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What are the long-term side effects of Adriamycin?

Medically reviewed by Carmen Pope, BPharm. Last updated on April 10, 2023.

Official answer


The most common long-term side effects associated with Adriamycin include:

  • Cardiotoxicity
  • Secondary cancers
  • Amenorrhea in women older than 40
  • Gastrointestinal problems
  • Neurological problems.

Adriamycin (doxorubicin) is a cancer medication that has been used successfully in the management of several different cancers such as acute lymphoblastic leukemia, acute myeloblastic leukemia, Wilm’s tumor, breast and ovarian carcinomas, and many other cancers. It belongs to a class of medicines called anthracycline antibiotics.

The most common long-term side effects associated with Adriamycin include:

  • Cardiotoxicity
  • Secondary cancers
  • Amerohhea in women older than 40
  • Gastrointestinal problems
  • Neurological problems.


Cardiotoxicity is one of the most common potential long-term side effects of Adriamycin. Cardiotoxicity means permanent damage to the muscles of the heart or the functioning of the heart.

Cardiotoxicity can be severe with Adriamycin treatment and may develop late during therapy, or within two to three months after the treatment has ended. Symptoms include signs or symptoms of heart failure, including a reduced ability of the left side of the heart to pump (called LVEF or left ventricular ejection fraction). A fast heartbeat, shortness of breath, fluid on the lungs, as well as other related symptoms.

The probability of developing cardiotoxicity increases the higher the cumulative dose of Adriamycin that has been given, for example, the probability is:

  • 1-2% for a total cumulative dose of 300 mg/m2 Adriamycin
  • 3-5% for a total cumulative dose of 400 mg/m2 Adriamycin
  • 5-8% for a total cumulative dose of 450 mg/m2 Adriamycin
  • 6-20% for a total cumulative dose of 500 mg/m2 Adriamycin.

The probability of developing congestive heart failure has been reported as:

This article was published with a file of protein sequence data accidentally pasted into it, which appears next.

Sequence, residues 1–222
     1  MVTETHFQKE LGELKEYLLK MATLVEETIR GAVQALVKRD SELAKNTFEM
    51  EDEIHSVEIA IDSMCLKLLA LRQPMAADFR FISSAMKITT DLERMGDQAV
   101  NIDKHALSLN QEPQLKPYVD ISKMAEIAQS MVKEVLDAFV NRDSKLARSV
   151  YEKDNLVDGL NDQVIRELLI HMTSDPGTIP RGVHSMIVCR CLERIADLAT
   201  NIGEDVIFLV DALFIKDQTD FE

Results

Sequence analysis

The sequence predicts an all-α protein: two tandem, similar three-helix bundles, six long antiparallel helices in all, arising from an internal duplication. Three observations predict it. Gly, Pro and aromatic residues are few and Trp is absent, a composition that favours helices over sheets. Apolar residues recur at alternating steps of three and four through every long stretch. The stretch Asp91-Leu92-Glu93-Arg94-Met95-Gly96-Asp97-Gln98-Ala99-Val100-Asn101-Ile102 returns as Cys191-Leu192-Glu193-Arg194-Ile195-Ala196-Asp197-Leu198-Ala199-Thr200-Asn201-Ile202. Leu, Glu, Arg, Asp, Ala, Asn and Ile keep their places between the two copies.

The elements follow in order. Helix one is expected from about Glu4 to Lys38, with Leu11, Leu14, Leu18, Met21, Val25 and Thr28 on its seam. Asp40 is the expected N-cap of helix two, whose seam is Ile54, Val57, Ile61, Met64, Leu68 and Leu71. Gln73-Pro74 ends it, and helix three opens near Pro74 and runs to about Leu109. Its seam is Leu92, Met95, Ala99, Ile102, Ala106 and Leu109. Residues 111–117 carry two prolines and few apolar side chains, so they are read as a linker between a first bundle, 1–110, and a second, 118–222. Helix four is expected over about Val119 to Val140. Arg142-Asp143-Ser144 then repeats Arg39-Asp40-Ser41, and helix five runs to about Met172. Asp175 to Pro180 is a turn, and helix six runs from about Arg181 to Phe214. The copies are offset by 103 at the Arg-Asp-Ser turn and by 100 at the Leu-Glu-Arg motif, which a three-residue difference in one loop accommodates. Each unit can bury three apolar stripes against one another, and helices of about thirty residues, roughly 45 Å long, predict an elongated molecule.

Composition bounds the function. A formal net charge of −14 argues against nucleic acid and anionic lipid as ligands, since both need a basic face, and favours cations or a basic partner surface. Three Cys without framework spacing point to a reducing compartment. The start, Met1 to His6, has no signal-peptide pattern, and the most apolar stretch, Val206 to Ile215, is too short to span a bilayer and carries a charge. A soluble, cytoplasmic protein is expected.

• 1.5% for a cumulative dose of 300 mg/m2 Adriamycin
  • 3-4.9% for a cumulative dose of 400-430 mg/m2 Adriamycin
  • 7-7.7% for a cumulative dose of 450-475 mg/m2 Adriamycin
  • 20.5-21% for a cumulative dose of 500-728 mg/m2 Adriamycin.

The risk of developing heart failure rapidly increases with increasing cumulative doses above 400 mg/m2 and when Adriamycin is used with other chemotherapy agents, such as cyclophosphamide, fluorouracil, or vincristine.

Cardiotoxicity may also occur at lower doses in seniors, people exposed to Adriamycin at a young age, concomitant use of other cardiotoxic drugs, calcium channel blockers, pre-existing heart disease, or prior radiation therapy to the heart. People prescribed the monoclonal antibody trastuzumab have a much higher risk of cardiotoxicity with Adriamycin at lower cumulative doses.

The package insert for Adriamycin states that lifetime cumulative doses above 550 mg/m2 (21-day cycles) are associated with an increased risk of cardiomyopathy.

In people at higher risk of cardiotoxicity, the maximum cumulative dose of doxorubicin should be limited to less than 400. In certain cases, people who have received total cumulative doses of 450 mg/m2 may be considered for further therapy up to a total cumulative dose of 700 mg/m2 provided they undergo cardiac assessment and are deemed to be suitable to continue treatment.

Dexrazoxane may be used for cardioprotection in patients with advanced or metastatic cancer who are at risk of developing cardiotoxicity when receiving Adriamycin.

Secondary cancers

Many cancer treatments and radiation therapy are associated with an increased incidence of secondary cancers. These are cancers that occur years after the primary cancer has been treated, and may be related to the treatment used, rather than the primary cancer.

Adriamycin has been associated with an increased incidence of acute myelogenous leukemia and myelodysplastic syndrome. Leukemia may affect 2 to 12% of people who have been treated with Adriamycin and more commonly develops within one to three years of treatment. It is primarily associated with translocation of the MLL gene at chromosome band 11q23. It is more common in younger patients but it is unknown which patients are more at risk, although concurrent use of alkylating agents (such as cyclophosphamide, cisplatin, and chlorambucil) or radiation therapy increases this risk.

Menstrual changes

96% of women aged 40 to 49 prescribed Adriamycin developed amenorrhea (a lack of menstrual bleeding).

This was permanent for most women over 40. In those under 30, none experienced menstrual abnormalities, and for those aged 30 to 40 with amenorrhea, 50% had a return to normal of their periods once treatment finished.


Long-term gastrointestinal side effects that have been reported with Adriamycin include:

  • Gastric ulcers or erosions
  • Hyperpigmentation of the tongue or oral mucosa (rare)
  • Ulceration and necrosis of the colon, especially the cecum (rare).


Adriamycin has been associated with several long-term neurological side effects, such as:

  • Peripheral neuropathy: This is damage to the nerves that carry messages from the brain and spinal cord to the rest of the body. Symptoms may include cold hands and feet, poor limb circulation, pins and needles, numbness, an increased risk of infections and injury
  • Muscle weakness
  • Cognitive changes: Often described as “chemo fog”. These may cause difficulties with multitasking, concentrating, or headaches. In most people these are temporary; however, they may persist in some people.

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